As the '80s drew to a close, Rush were gradually been moving away from the keyboard-dominated sounds they had so embraced earlier in the decade. With 1989's Presto, they began to put the guitar back to the front of their sound, much to delight of older fans. That path became even more focused with Roll the Bones, which was released on Sept. 3, 1991.

"The album is kind of based on the concept of chance," Geddy Lee said in a 1991 interview. "The way it affects our lives in obvious and not-so-obvious ways," and calling it "a new beginning" for the band. It's obvious from the start of "Dreamline" that the band were invigorated, and though keyboards are still in the mix, the guitar is back where it should be, especially when Alex Lifeson lets loose with a blistering solo mid-song.

"I'm pleased with the way the band has been able to streamline the sound over the past couple of records," Lee told U.S. Rocker upon the album's release. "I think it's a positive change. I'm also pleased with the way we've been able to utilize a stronger sense of melody and vocal harmony."

The title cut featured a surprise for fans, a "rap" section, performed by Lee, who had his voice electronically altered. In hindsight, it has less to do with rap music of the era, playing out with an almost sci-fi meets beatnik vibe. Ultimately, the song's lyrics zero in on common concerns and questions, with the semi-existentialist coupling, "Why are we here? Because we're here!"

Listen to Rush's 'Roll the Bones'

Lyricist/drummer Neil Peart was constantly revamping his approach to lyric writing. "It is the ultimate statement in spite of all these questionings and thinking about contingency and the accidents that can happen in life," summed up Peart on the idea behind the lyric. "You can't remain sort of helpless facing a universal futility; you gotta do something, really. Either do something or not do something, so I thought, choose the risk, choose the adventure."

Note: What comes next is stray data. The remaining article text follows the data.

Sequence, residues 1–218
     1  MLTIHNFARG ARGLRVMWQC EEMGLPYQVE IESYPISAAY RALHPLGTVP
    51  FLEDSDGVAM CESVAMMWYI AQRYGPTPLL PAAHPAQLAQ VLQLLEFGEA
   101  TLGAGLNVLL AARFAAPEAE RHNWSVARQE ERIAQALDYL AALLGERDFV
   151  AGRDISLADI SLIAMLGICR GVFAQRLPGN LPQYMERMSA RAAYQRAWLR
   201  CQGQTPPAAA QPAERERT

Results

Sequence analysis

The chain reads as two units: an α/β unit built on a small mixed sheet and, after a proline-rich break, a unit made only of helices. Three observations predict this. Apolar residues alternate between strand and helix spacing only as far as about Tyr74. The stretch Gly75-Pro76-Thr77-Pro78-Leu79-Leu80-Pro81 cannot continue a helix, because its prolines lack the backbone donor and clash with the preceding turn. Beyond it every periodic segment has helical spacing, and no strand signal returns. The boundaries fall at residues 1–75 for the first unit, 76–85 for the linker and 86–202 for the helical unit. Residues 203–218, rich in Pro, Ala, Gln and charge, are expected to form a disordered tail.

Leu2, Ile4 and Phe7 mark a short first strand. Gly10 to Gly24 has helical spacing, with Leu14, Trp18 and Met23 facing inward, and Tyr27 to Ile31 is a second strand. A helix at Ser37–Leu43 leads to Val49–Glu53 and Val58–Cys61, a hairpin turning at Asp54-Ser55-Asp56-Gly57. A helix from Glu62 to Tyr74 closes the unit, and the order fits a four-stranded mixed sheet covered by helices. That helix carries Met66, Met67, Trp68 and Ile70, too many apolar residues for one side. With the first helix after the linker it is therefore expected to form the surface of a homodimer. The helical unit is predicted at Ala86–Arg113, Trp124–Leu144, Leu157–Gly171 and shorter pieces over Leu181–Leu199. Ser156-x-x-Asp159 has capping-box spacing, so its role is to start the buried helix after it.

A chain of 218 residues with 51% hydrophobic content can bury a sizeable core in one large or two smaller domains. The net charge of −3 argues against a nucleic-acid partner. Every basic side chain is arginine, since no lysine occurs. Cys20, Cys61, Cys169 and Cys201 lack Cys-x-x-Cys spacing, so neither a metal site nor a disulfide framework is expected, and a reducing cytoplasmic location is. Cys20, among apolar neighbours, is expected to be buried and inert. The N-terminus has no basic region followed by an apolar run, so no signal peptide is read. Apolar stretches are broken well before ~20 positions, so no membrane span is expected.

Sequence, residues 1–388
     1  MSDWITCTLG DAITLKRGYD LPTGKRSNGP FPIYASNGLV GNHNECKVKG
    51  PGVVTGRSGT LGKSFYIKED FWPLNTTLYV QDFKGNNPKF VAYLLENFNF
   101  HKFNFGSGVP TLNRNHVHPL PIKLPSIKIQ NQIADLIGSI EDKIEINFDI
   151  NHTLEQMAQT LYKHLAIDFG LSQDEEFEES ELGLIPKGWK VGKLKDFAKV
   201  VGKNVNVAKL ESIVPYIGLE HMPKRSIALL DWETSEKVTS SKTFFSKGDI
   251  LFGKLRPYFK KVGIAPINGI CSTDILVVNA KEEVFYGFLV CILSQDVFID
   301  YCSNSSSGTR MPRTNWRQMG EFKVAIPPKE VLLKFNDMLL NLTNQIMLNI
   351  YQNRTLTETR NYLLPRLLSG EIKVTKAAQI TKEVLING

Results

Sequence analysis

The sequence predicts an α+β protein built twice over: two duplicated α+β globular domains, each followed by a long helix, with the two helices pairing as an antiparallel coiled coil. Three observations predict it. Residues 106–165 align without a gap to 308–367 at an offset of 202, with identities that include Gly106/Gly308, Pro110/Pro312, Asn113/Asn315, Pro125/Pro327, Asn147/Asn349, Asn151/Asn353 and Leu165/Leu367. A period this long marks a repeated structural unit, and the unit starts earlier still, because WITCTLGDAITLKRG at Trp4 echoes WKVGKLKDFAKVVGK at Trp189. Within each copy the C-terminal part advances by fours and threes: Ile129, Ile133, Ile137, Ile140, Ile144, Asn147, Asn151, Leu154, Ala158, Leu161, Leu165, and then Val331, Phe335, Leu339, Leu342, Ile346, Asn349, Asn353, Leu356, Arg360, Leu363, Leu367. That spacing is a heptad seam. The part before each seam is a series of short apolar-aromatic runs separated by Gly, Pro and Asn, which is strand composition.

"I think that it's a credit to Neil that he has been able to go from being a writer of broad abstractions, to being a writer of personal abstractions," Lee added. "Adding his point of view, and not being afraid to talk about some of his inner feelings has been a bold step for him."

Though "Face Up" and "The Big Wheel" are both straight-ahead guitar-centered rockers, they are still covered in that overly glossy '80s production style. "You Bet Your Life" ends the album on a very upbeat, powerful, and melodic note. The path from high gloss to harder edged sounds would be complete with 1993's Counterparts.

Roll the Bones was another big hit for Rush, reaching No. 3 in the U.S. and Top 10 in the U.K. and going on to sell more than a million copies. "This album had a real flow to it, a real strong, effortless flow," recalled Lee. "We spent a long time writing, probably longer than we've ever spent writing. We spent 10 weeks writing and rehearsing, which is probably why the recording went so quickly."

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